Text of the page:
Coercion of Java Enums works differently than in Rhino

Attila Szegedi attila.szegedi at
Tue Feb 3 14:15:21 UTC 2015

We debated this issue within the team, and it turned out to be a fairly deeper rabbit hole than initially expected.

This comparison falls under the case 9 (Object compared to String) of the "The Abstract Equality Comparison Algorithm" <>. It requires that we invoke ToPrimitive(x), which in turn requires evaluation of [[DefaultValue]] internal property on the enum object. The behavior of [[DefaultValue]] on ordinary JS objects is described in <> and we could choose to follow it: if the object has a "toString" callable property, invoke it. So by that token, we could indeed invoke toString() on a POJO here.

However, a runtime is at liberty to redefine [[DefaultValue]] for host objects too, with the restriction that "If a host object implements its own [[DefaultValue]] internal method, it must ensure that its [[DefaultValue]] internal method can return only primitive values." (still section 8.12.8). 

In ES5, any object not being a native JS object is a "host object" - all POJOs are considered host objects in Nashorn.

Going to section 8.6.2, "Object Internal Properties and Methods" <> it says that every object (even host objects) must have all properties in Table 9 – [[DefaultValue]] included, but also says: "However, the [[DefaultValue]] internal method may, for some objects, simply throw a TypeError exception."

So with all that in mind, we have two choices for specification-compliant implementation of this comparison:

1. invoke toString() on the POJO when compared to a String (and everywhere else in the runtime where specification prescribes ToPrimitive() conversion – this can have some ripple effects…), or
2. throw TypeError when toPrimitive(x) is invoked on a POJO.

From this PoV, returning false from that comparison indeed seems incorrect; we should either return true, or throw a TypeError. Problem is, we have hard time deciding which way to go. JS is a very permissive language and it really allows you to convert almost anything to almost everything. While we're in the pure JS-land, we can't have a choice but to follow it. However, when it comes to the boundary of JS and Java, we are at a discretion to enforce slightly more explicit typing, should we choose to do so.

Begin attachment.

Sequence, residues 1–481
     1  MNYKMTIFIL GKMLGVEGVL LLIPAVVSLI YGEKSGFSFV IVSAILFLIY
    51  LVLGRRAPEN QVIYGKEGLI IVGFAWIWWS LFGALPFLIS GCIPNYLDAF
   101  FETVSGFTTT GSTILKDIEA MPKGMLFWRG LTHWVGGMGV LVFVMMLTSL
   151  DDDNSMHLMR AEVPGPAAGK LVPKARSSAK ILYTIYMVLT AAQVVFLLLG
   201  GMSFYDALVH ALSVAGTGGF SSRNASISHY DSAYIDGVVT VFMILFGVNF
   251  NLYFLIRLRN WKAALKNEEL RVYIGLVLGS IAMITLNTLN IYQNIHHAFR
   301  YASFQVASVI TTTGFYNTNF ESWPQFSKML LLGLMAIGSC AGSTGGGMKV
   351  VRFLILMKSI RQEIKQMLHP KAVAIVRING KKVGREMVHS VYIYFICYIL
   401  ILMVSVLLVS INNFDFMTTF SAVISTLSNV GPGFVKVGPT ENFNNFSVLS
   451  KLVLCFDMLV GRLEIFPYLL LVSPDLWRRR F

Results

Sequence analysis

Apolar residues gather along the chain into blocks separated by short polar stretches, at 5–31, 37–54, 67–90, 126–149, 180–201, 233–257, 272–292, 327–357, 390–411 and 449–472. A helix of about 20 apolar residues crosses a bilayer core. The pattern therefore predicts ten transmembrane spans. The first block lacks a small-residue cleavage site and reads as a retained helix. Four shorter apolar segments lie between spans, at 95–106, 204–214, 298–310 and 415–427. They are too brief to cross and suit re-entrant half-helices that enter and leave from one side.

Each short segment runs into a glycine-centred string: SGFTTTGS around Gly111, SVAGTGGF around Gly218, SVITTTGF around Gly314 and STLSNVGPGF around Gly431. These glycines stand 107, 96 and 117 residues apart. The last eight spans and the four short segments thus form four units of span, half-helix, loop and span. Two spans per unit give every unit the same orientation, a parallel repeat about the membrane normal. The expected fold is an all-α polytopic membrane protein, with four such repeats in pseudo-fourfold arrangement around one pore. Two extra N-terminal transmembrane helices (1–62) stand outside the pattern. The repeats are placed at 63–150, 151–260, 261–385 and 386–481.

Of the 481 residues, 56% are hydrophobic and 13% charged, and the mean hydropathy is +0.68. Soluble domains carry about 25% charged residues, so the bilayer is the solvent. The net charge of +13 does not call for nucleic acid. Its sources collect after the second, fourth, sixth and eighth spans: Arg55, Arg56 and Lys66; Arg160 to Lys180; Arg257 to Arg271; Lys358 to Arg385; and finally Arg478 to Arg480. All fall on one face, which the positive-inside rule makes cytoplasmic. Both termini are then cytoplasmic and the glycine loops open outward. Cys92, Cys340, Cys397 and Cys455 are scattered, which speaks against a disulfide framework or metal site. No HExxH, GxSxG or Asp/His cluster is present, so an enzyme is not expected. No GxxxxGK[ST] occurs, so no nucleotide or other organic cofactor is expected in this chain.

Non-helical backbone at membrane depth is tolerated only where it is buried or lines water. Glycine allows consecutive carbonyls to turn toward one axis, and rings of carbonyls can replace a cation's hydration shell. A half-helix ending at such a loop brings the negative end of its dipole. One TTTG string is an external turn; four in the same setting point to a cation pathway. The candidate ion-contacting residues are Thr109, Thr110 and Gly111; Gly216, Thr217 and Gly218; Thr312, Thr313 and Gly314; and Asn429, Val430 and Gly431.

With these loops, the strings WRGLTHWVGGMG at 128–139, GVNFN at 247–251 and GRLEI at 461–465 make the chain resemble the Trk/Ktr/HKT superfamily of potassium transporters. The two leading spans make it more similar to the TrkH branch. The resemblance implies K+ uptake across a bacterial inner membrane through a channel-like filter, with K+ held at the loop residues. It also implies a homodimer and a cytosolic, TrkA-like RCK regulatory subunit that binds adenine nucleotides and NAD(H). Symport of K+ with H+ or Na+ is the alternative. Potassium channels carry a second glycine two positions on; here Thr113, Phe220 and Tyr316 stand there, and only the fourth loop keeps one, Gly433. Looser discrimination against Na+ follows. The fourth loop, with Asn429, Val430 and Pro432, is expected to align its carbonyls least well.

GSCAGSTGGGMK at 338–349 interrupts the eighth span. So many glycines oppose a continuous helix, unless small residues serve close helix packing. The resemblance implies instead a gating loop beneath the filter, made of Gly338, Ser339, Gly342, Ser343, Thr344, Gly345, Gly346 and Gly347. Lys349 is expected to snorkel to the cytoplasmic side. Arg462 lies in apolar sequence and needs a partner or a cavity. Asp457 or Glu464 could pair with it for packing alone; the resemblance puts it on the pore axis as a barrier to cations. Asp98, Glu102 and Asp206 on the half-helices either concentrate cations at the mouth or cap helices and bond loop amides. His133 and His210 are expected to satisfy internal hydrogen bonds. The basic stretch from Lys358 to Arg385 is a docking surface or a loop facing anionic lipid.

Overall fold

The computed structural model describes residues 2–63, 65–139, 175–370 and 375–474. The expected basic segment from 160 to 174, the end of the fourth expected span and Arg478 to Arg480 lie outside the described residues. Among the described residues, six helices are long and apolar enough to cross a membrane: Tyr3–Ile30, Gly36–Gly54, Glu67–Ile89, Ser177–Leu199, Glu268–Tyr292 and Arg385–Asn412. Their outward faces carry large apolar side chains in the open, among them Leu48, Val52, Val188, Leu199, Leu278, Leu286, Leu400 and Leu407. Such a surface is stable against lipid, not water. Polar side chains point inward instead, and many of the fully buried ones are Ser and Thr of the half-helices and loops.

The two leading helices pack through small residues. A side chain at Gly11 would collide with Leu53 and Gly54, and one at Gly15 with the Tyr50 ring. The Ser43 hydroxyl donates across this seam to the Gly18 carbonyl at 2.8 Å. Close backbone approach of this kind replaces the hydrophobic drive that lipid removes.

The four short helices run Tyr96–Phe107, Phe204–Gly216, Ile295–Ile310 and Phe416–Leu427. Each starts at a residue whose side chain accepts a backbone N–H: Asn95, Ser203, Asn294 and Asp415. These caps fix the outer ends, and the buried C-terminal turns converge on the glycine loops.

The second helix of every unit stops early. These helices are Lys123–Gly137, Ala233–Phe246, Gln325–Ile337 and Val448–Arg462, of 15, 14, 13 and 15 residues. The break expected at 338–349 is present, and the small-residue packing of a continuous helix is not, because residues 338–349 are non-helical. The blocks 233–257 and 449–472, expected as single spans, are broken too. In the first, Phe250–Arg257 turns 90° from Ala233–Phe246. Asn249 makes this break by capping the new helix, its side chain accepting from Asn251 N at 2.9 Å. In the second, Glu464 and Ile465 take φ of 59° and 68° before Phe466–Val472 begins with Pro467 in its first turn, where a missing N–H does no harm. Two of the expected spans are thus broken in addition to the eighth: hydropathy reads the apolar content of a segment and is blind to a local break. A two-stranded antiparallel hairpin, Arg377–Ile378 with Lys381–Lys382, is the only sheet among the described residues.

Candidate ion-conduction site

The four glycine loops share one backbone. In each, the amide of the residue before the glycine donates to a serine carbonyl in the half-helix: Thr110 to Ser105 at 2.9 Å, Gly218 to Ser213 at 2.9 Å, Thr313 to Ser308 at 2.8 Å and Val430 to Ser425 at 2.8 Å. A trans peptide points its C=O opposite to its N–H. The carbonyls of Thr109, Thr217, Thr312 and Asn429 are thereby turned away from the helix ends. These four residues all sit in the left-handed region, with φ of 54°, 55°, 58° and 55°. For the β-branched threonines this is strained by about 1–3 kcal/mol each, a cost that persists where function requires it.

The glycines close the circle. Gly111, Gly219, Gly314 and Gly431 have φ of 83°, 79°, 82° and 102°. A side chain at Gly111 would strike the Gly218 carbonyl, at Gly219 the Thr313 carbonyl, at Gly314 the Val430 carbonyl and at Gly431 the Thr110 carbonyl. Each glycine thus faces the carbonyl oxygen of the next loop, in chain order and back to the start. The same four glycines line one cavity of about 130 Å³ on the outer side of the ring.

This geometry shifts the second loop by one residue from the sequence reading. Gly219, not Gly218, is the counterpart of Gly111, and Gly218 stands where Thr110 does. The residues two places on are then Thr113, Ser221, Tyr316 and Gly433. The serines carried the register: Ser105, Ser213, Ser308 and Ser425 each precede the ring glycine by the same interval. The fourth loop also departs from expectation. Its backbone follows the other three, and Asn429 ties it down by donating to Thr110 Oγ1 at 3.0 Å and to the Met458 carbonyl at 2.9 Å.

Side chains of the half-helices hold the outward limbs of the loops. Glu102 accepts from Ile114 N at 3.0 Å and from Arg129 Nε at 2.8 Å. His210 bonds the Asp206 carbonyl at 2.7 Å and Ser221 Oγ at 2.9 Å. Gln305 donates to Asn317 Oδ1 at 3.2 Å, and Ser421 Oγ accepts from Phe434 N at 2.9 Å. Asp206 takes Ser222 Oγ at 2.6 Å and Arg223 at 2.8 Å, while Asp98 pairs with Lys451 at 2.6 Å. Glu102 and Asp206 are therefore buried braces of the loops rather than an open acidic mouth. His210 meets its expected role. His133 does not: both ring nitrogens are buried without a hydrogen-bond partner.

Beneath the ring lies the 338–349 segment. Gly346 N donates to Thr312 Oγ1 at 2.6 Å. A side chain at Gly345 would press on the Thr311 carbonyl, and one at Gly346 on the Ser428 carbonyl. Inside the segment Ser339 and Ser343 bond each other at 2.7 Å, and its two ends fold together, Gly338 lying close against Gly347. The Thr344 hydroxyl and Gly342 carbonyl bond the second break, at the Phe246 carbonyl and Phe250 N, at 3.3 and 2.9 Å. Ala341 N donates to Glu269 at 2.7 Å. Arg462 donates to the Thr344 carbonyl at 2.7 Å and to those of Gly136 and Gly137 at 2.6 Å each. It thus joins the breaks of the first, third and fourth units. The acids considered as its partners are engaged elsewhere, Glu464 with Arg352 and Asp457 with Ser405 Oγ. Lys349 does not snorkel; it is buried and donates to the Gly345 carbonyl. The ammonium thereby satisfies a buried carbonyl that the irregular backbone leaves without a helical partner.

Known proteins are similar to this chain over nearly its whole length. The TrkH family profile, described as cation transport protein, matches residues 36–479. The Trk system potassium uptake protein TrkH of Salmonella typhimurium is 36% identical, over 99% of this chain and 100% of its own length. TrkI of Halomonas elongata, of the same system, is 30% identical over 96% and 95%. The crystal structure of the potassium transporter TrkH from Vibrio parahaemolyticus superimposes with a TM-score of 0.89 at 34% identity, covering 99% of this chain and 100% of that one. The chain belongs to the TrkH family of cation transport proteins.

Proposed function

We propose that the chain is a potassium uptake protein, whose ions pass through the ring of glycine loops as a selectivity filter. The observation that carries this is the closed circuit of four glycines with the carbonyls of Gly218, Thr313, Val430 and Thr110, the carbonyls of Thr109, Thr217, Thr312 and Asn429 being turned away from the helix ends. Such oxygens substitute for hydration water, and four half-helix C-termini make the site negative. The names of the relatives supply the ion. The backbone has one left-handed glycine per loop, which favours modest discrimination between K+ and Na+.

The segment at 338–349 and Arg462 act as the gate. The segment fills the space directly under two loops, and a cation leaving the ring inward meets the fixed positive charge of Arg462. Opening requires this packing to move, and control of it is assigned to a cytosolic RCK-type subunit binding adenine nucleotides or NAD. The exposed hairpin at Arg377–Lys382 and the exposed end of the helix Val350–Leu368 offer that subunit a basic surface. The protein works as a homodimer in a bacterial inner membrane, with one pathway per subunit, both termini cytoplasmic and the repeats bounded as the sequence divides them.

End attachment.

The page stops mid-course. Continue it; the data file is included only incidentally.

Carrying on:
If we choose option 1 above, then your example will return true, but there will potentially be a lot of implicit toString() invocations on POJOs in code people write. We're somewhat wary of all those implicit toString()s.
If we choose option 2 above, then your example will throw TypeError and you will have to add an explicit .toString() invocation if you want to make it work.

While 1 seems convenient, note also that in other comparison cases JS would prescribe ToPrimitive() with a Number hint, and we couldn't really provide that either as POJOs are not readily convertible to a number, so we'd have a coercion that works for string comparison, but not for number comparison, which'd feel inconsistent. Consistently throwing TypeError would at the very least force the developer to acknowledge that you'll be doing a conversion here, and accept its costs as some toString()s are costly. Or even use a method other than toString() (which is really more meant to be a debugging method on Object anyway); also if you'd compare against a number, it'd make you decide what (if anything) is the number value of your object.

I'm throwing all this out here because we'd like to hear what the community thinks about which'd be the preferred way to go.


On Feb 3, 2015, at 1:26 PM, Krause, Michael <michael.krause at> wrote:

> Hi,
> It seems that in Nashorn Java enums are no longer coerced into their string value:
> java.math.RoundingMode.UP == "UP"
> evaluates to true in Java 7 but to false in Java 8 when executed in the respective JavaScript engine.
> Does anybody know if this is actually a bug or just something in the specification?
> Thanks!
> Mit freundlichen Grüßen / Best regards
> Michael Kurt Krause
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